The Industry for Silver

Author: Jon Clarke - Bullion & Economics Editor

Published: 30 Sep 2020

Last Updated: 14 Oct 2020


Although not as popular, or as rare as gold, silver still has more industrial uses unrelated to its aesthetics.

Credit: pixabay

Properties of Silver

Physical Properties

Like gold, silver has a number of physical properties that make it desirable in a number of industries.

  • Ductility / Malleability - The ability to be hammered in to thin sheets or drawn into thin wires. Silver is among the most ductile of metals, beaten only by gold.
  • Conductivity – Silver is an extremely effective conductor of electric and thermal energy. This makes silver perfect in circuit boards and electrical conductors.
  • Catalytic - silver has the unique ability of being able to convert ethylene to ethylene oxide which is considered a precursor to a number of organic compounds.
  • Anti-bacterial – Silver has strong anti-bacterial properties which means its use in the medical industry is highly regarded.
  • Density – The density of silver is 10.5 grams per cubic centimetre. Like gold, it is soft in its purest form and therefore is often alloyed with base metals such as copper or zinc. (Click here to see our article on the density of metals.)

When not being mined from silver mines, it can be extracted as a byproduct from lead and zinc mines by smelting and refining.

Silver Standards

  • Fine Silver – With a purity of .999 or 99.9%, this is the closest to the purest form.  Because of this, it will have less of a polish in comparison to sterling silver, and will be softer because of the lack of a harder alloy.
  • Britannia Silver - .958 or 95.833% by weight. This was introduced by Parliament in 1697 to replace sterling silver. As Britannia is softer than sterling, a number of complaints led to the reintroduction of sterling in 1720.
  • Sterling Silver – An alloy of .925 or 92.5% silver, it is usually alloyed with copper but sometimes with nickel. The addition of other metals allows for a brighter and shinier colour which is more synonymous with jewellery.
  • Coin Silver - .900 or 90% silver. The term "coin silver" comes from the fact that most of it was made from melting silver coins. This standard is different to a coin silver standard which in the US is 90% silver to 10% copper. 
  • 500 - .500 or 50% silver was the standard silver for British coinage between 1921 and 1947

Industrial Uses 


Nearly half of the global demand for silver comes from electrical industries, due to its ability to conduct heat and electricity. Silver can be found as contacts in nearly all electrical switches such as light switches, or membrane switches in conventional microwaves. Consumer appliances and industrial switches all use silver contacts and its conductivity makes it hard to replace with less expensive metals.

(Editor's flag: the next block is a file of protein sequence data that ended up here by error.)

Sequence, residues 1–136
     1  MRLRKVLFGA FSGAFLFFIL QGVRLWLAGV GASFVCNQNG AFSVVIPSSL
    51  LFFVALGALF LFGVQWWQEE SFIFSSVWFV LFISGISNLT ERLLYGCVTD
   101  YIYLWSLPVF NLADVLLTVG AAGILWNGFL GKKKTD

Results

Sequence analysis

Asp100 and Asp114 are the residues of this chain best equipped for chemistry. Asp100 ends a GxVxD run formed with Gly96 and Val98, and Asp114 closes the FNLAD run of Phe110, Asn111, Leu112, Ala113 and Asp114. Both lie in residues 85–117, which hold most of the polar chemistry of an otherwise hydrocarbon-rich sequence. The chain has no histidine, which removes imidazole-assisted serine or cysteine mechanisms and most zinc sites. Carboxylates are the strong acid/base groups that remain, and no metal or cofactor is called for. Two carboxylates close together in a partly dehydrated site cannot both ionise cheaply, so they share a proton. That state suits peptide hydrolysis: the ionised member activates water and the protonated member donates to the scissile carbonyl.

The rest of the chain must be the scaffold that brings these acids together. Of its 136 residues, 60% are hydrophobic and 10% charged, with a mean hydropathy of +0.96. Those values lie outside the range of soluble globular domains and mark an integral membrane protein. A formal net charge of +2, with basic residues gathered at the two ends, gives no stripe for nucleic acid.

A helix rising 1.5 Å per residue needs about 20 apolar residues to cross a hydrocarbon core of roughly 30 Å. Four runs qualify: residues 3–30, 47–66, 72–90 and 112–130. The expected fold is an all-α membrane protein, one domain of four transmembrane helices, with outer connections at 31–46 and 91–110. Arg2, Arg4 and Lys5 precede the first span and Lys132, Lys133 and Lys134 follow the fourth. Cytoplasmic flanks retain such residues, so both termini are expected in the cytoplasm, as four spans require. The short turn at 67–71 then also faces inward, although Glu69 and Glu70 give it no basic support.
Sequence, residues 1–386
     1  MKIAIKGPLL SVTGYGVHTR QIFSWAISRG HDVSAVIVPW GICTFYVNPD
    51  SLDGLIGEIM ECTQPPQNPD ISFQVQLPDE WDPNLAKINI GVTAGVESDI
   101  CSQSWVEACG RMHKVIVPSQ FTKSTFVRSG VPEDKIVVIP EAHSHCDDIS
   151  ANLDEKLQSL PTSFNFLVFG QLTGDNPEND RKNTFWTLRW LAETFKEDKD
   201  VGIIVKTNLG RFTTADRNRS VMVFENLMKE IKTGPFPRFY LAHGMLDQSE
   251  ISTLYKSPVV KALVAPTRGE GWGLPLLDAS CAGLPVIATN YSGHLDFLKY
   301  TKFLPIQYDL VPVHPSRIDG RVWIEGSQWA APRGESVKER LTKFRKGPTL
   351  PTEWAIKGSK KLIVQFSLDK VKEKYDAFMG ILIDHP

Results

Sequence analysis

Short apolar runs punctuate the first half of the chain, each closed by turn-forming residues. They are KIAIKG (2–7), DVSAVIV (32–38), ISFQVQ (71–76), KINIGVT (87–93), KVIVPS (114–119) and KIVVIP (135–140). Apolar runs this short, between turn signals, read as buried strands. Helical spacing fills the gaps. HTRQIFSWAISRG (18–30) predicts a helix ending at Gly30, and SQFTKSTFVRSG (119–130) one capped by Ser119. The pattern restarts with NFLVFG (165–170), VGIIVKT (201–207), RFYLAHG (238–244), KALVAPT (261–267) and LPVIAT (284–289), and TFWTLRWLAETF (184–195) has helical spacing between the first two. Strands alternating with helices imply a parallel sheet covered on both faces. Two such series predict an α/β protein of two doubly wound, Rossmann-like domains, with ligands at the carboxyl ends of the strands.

The highest purity of silver is required for electronics which is usually 99.99% pure. This can be dissolved in nitric acid producing silver nitrate which can be turned into a powder or silver flakes or a paste to make electronic contacts.

More recently, nano silver, which has a particle size of approximately 1/100 billionths of a meter, is used in Radio Frequency Identification (RFID) and in the production of supercapacitors.


The growing solar energy sector has seen demand increasing as silver paste is used in the production of solar panels. Electrical contacts and collectors which help generate electricity are also made of silver. 

The nuclear sector also uses silver in control rods which can slow the rate of fission in reactors.


Perhaps now a declining industry since the rise of digital media, but traditional photography still uses light-sensitive silver halide crystals in the development of photographs.


As mentioned, silver has antibacterial properties which is essential in many parts of the medical sector. It is believed to have been used for over 6000 years as a way to prevent microbial infections. Long before the creation of antibiotics, silver was ingested in colloidal form to fight illnesses while wounds were wrapped in silver foil as a way of healing.

Nowadays, silver has seen demand increase due to the rise of superbugs like MRSA, which are resistant to conventional antibiotics. Silver is obviously used in surgical equipment, but also in ointments, such as silver sulfadiazine which, is used in the treatment of burns to prevent infection.


A 2019 report showed that just over 201 million ounces was in demand for jewellery compared to nearly 511 million ounces for industrial usage. The standard for silver jewellery is usually sterling silver (0.925 fineness). It’s malleability and ductility allow for silver to be shaped into chains, rings bracelets, etc.


As long as there is demand for silver, there will likely be a market that supplies it. Mining companies will have the facility to refine and extract new silver, but there is currently an increase in recycling gold from electronic scrap and jewellery. Scrap silver in the form of coins or jewellery can be sold to a dealer (like us!), whereas electronic scrap or silver found in photographic equipment would be reclaimed using electrolysis.

Further Reading

You maybe interested in our Industry for Gold blog.

If you are thinking of making a purchase, you might like to read our gold and silver guides.

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